January 6, 2017 By Editor - Leave a Comment
(Morning Star News) – While war in the Middle East dominated international headlines, Islamic extremists in the shadows were taking jihad to Christian civilians in Africa with unprecedented intensity in 2016. In Nigeria, Muslim ethnic Fulanis looked less like nomadic herdsmen and more like well-armed, well-funded jihadist militants. Close Muslim relatives and Islamist village mobs attacked their Christian kin in Uganda, while Somalia’s Al Shabaab rebels intensified their campaign to drive Christians from northern Kenya. At the same time, courts in Turkey and Pakistan made history by finally providing some measure of justice in cases of slain Christian martyrs.
1 – Islamist Militant Massacres in Nigeria
Muslim Fulani herdsmen attacks on Christians in Nigeria increased in number and sophistication in 2016, as what the mainstream press has characterized only as land disputes increasingly took on the militant look of jihadist campaigns that have always featured prominently in the attacks. Organized, well-funded invasions of Christian villages, sophisticated arms and explosives, and suspected links with Islamic extremist group Boko Haram and Islamist mercenaries marked many assaults. Having retaken much of the territory that Boko Haram claimed in Nigeria’s northeast in 2014-2015, the Nigerian military has reportedly warned Fulani herdsmen that they will be targeted next, according to a Nigerian Defense spokesman. Nigerian senators believe defeated Boko Haram militants have joined Fulani herdsmen, who had already been characterized by the Institute for Economics and Peace as one of the five deadliest terrorist organizations in the world.
The massacre of an estimated 300 predominantly Christian farmers in Benue state’s Agatu area in central Nigeria from Feb. 22 to Feb. 29 preceded Muslim Fulani attacks the rest of the year in southern, middle and northern states. The militant character of the attacks was especially apparent in Kaduna state, where on Nov. 16 the Rev. Zachariah Gado, state chairman of the Evangelical Church Winning All, decried “a campaign of ethno-religious cleansing by Fulani herdsmen militia.”
2 – Untold Faith, Bravery Revealed in Hidden Pockets of Uganda
In quiet villages in eastern Uganda far from the international spotlight, Christians continued to be beaten, thrown out of their homes, raped, arrested and killed for leaving Islam in 2016 with alarming regularity. Some had their homes or crops burned. In many of the cases, the victims received messages warning that leaving Islam would cost them their lives.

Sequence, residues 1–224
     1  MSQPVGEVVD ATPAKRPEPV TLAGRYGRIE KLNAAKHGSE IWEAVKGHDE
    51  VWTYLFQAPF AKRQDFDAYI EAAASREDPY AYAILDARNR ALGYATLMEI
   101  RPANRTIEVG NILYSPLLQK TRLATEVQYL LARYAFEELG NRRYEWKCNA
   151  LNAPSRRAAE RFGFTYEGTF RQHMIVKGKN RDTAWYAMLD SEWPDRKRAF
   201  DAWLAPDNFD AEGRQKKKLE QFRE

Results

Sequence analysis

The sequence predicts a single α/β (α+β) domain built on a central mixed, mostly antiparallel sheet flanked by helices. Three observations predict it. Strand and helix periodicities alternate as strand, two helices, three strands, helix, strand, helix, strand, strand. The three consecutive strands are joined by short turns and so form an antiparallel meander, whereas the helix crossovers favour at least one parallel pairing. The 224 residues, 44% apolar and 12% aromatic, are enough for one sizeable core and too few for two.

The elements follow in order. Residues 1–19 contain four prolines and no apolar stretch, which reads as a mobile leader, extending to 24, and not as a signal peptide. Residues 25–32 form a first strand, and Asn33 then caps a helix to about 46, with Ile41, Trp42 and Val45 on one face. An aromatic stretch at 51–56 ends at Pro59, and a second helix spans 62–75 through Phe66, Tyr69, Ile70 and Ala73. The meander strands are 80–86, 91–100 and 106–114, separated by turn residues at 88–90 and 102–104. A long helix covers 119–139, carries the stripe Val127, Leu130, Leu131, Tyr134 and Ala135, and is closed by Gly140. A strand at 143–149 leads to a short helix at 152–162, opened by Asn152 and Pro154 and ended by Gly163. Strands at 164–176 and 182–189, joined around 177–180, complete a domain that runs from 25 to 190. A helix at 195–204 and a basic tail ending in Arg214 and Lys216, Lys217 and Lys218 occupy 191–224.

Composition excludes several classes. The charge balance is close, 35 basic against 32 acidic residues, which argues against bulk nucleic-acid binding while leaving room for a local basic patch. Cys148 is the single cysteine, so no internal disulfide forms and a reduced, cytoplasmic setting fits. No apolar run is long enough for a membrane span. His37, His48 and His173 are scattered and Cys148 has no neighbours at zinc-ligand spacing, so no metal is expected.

The constant stream of abuses otherwise stirred little attention as the primary culprits were non-state actors such as Muslim family members and village mobs that advocacy groups and government officials felt little power to influence. Aid agencies can be contacted about how these Christians or their families might be helped.
3 – Easter Bombing in Pakistan
A deadly suicide bombing at a public park in Lahore, Pakistan killed 75 people on Easter Sunday on March 27. The Islamic extremist group that took responsibility for the blast said it targeted Christians, but later reports showed only 14 of the dead were Christian and 61 Muslim. Most of those killed were women and children.
Another 362 people were injured in the deadliest attack in Pakistan since the December 2014 massacre of 134 schoolchildren at a military-run academy in Peshawar. Jamaat-ul-Ahrar, a splinter faction of the banned Pakistani terrorist group Tehreek-e-Taliban Pakistan (TTP), took responsibility for the bombing. In a media statement, Jamaat-ul-Ahrar spokesman Ehsanullah Ehsan said a suicide bomber deliberately targeted the Christian community.
4 – Killers in Malatya, Turkey Murders Finally Convicted
Susanne Geske, widow of martyr Tilmann Geske, after memorial ceremony for Uğur-Yüksel. (Morning-Star-News)
After a nine-year legal saga, a Turkish criminal court on Sept. 28 sentenced five men to life in prison for the torture and murder of three Christians in southeast Turkey in 2007. The court found Salih Gurler, Cuma Ozdemir, Abuzer Yildirim, Hamit Ceker and Emre Gunaydin guilty on three counts each of premeditated murder and sentenced them all to life in prison without the possibility of parole.